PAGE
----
A big part of my job is creating this cultural change through the Planet Blue Ambassador program so people are more focused on their environmental impacts, and I’d say compared to Wayne State, the culture for caring about sustainability is already here. The challenges mostly seem to have to do with staffing and coordination, which is what my position is supposed to help with. But the interest is already there. I mean, I have people coming to me rather than feeling like I have to pitch it to everybody else. In terms of opportunities, I’d say the Environmental Interpretive Center does amazing work and we could do a better job of connecting what they’re already doing with the larger university community. Another thing we’re starting to work on is improving our recycling program. This is something that all large institutions have struggled with due to some shocks in the recycling system dating back to around 2018, when China stopped taking recycling from the U.S. In many ways, the recycling processing infrastructure in the U.S. is still being built. So we’re trying to take steps to reduce contamination and track how much we’re recycling. In fact, I’m applying for a grant that I got when I was at Wayne State to improve the recycling program, which can help us standardize the bins and signage.
And any news you can share on the carbon neutrality front? I know we have some active projects, like the LED lighting retrofit. But can we look forward to some bigger strategy decisions and tracking off our carbon neutrality goals?
The Facilities Operations team will be working with ITS to develop a public display of UM-Dearborn’s progress towards carbon neutrality. The idea is to display this information in a way that anyone can follow and make sense of. We’re also planning to provide options to click on specific metrics that will lead to more technical details for those who are interested in learning more. As far as projects, in addition to replacing older lighting with LEDs, we’re also looking at ways to reduce energy use, like adaptive lighting that can change in response to daylight or room occupancy and adjusting HVAC sequencing. And for the Scope 2 emissions, where our commitment is to achieve carbon neutrality for purchased electricity, there was recently an RFP out for all three campuses to help us achieve that goal. Across all three U-M campuses, we are also planning to install on-campus solar to help eliminate Scope 1 emissions by 2040.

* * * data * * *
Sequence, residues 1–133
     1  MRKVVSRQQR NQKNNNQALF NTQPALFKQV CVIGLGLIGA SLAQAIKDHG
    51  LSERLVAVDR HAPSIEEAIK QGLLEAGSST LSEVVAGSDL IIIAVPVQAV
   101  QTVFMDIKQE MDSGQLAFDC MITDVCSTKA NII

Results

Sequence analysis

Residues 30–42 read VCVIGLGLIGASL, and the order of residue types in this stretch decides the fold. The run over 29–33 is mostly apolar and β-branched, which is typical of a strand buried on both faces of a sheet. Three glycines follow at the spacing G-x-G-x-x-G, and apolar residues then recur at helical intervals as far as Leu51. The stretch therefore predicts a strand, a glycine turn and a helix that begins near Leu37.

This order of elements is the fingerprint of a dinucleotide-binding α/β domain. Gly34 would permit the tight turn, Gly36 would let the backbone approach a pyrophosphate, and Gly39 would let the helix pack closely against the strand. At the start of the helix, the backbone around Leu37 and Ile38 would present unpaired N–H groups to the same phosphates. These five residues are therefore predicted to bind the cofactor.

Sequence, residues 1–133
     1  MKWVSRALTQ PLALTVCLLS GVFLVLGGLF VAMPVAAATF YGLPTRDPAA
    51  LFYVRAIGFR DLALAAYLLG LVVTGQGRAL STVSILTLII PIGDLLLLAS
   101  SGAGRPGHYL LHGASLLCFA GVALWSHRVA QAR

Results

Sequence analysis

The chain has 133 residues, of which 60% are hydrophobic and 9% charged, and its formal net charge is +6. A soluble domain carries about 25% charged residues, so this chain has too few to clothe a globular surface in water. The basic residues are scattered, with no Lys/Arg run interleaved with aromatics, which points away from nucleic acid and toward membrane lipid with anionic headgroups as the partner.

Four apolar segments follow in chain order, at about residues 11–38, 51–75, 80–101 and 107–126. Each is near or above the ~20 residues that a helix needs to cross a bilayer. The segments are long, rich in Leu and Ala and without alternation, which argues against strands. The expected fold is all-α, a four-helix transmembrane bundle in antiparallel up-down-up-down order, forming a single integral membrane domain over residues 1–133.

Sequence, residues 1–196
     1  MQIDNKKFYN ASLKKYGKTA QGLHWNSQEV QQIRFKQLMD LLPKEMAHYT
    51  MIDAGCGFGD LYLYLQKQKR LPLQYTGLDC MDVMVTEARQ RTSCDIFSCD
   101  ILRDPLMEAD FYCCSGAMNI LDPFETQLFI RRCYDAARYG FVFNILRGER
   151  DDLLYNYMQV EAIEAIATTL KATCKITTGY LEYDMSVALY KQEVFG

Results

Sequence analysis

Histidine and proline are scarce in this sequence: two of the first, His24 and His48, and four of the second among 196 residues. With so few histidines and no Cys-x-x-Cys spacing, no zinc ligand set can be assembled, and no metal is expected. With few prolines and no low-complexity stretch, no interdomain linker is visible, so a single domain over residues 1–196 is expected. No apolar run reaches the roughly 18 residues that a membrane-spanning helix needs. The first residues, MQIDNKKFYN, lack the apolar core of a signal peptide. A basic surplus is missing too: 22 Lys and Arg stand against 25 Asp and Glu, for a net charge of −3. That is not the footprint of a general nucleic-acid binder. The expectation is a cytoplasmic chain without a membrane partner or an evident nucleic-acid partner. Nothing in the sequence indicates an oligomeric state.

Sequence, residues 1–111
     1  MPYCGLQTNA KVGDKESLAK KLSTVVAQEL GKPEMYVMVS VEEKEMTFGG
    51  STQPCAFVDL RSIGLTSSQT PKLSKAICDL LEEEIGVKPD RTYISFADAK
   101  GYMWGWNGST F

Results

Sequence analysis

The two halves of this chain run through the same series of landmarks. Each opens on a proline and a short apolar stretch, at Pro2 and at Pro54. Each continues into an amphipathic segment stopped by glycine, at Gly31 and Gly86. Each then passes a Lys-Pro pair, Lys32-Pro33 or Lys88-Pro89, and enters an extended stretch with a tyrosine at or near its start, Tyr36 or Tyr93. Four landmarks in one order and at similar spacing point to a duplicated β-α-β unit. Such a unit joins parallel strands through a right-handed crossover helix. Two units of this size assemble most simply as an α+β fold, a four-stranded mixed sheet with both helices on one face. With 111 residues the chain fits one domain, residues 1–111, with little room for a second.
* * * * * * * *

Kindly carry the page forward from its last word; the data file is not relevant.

It’s easy to get pretty gloomy about this stuff, especially when it comes to climate change and personally wanting to do more, but feeling like you have limited options. Do you have any advice or perspective you can share for keeping the dark thoughts at bay?
First off, I think it’s natural for people to struggle with this, especially when you’re wrestling with how much each person’s individual actions actually make a difference. I don't remember the exact source of the quote, but the idea that often brings me hope is that we don’t need a handful of people doing sustainability perfectly, we need a lot of people doing it imperfectly. And I think that’s true. Even if some of the people I interact with end up taking action, then they’re going to bring that same enthusiasm to their families and friends, and you get that waterfall effect that can lead to broader change.
Have a sustainability question for Grace Maves? You can reach her at firstname.lastname@example.org. Interview by Lou Blouin.